While it's important for a CEO to understand and support the channel, it's just as important if not more so for the so-called ranks, the field sales and technical staff, to support the channel as well. After all, that's where any potential conflict will first rear its ugly head. Many VARs said their relationships with vendors depend greatly on their local relationships. If those flourish, it's a win-win for both parties. But a disconnect can lead to an unhappy, and eventually, an ex-partner.
For example, many field reps have a tendency to embrace one local partner, doing so at the expense of other solution providers that could be driving more business, said Bob Parsons, president of Automated Office Solutions, Evansville, Ind.
"It happens to the extent that they ignore the other 12 partners in town. In one instance, we took a manufacturer rep into a customer and he left and immediately called my competitor to undercut our offer," Parsons said.
Vendors should train their field reps to keep all partners happy. "What might be a small partner today could be a big partner in the future," Parsons said.
Pete Busam, a former VAR executive who is now "chief balancer" at Equilibrium Consulting, his own firm based in Marlton, N.J., said it's difficult for vendors to maintain a consistent channel message across multiple geographies and product lines.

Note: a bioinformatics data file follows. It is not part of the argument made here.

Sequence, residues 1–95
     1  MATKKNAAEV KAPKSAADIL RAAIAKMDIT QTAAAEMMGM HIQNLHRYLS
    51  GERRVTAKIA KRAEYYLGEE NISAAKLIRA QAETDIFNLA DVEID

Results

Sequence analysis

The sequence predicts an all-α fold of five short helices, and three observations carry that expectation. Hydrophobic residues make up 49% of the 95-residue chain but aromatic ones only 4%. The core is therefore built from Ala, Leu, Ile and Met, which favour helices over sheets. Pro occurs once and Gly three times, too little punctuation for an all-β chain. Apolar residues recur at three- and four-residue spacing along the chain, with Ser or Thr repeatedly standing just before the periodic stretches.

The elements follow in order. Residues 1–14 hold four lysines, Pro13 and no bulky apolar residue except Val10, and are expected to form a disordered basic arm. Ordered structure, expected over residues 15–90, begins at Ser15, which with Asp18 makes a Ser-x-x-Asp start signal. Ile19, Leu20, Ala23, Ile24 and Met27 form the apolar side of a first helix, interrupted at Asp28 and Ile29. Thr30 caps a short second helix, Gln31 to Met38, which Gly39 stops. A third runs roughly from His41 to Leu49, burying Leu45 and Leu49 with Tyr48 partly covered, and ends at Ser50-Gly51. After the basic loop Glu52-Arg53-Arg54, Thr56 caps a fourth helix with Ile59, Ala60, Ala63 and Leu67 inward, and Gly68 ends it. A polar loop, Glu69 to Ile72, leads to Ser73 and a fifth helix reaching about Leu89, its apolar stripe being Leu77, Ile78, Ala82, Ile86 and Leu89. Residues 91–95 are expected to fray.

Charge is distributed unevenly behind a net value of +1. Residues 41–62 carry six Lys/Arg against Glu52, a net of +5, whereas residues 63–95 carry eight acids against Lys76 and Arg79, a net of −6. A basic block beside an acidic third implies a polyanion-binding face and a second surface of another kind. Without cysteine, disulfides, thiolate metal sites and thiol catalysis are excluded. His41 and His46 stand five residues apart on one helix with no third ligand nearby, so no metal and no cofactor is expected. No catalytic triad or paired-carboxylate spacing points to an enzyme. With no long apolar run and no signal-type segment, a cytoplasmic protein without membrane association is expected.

"How deep can you go in your staff, especially with small [VARs] that have one or two sales guys?" Busam asked.
Successful vendors also will teach their field sales reps how a company's products fit into an overall solution, he said.
HP, Dell/EqualLogic, Watchguard, APC and Liebert are strong in that regard, Busam said.
"Watchguard has a field sales rep and a field engineer who will randomly call VARs to work deals to help build a more competitive posture. They'll get on a conference call with a customer and back up their VAR to help remove any objections. The engineer is more in tune with the product, and that can be very valuable to a VAR," Busam said.
Rule No. 3: Solution-Savvy Sales Forces
The premise is easy, said Larry Rine, CEO of Intersect IT Solutions, a Chicago-based solution provider. Vendors with a sales force that gets the channel are less likely to have conflict with partners.
But not every vendor has made that connection, Rine said. Vendors too often make the mistake of training salespeople to understand the technical aspects of the company's products, but not how the products fit into a bigger solution.
"That's hugely critical. If they don't have that, ultimately the whole thing is not going very far," Rine said. "I [don't] think it's possible to have a relationship with somebody that doesn't have a good, sound understanding of what you're trying to do and is willing to help you get there."
If vendors' sales organizations had more of a solution-oriented approach, they'd have more success with partners in the field, he said.
"That's a little bit of an issue, particularly in a space like health care. Physicians don't want products; they want solutions. If I have some vendor pushing me for activities that don't fit into what we're trying to do, we probably won't have a relationship," said Rine.
NEXT: Rule No. 4: Cut The Conflict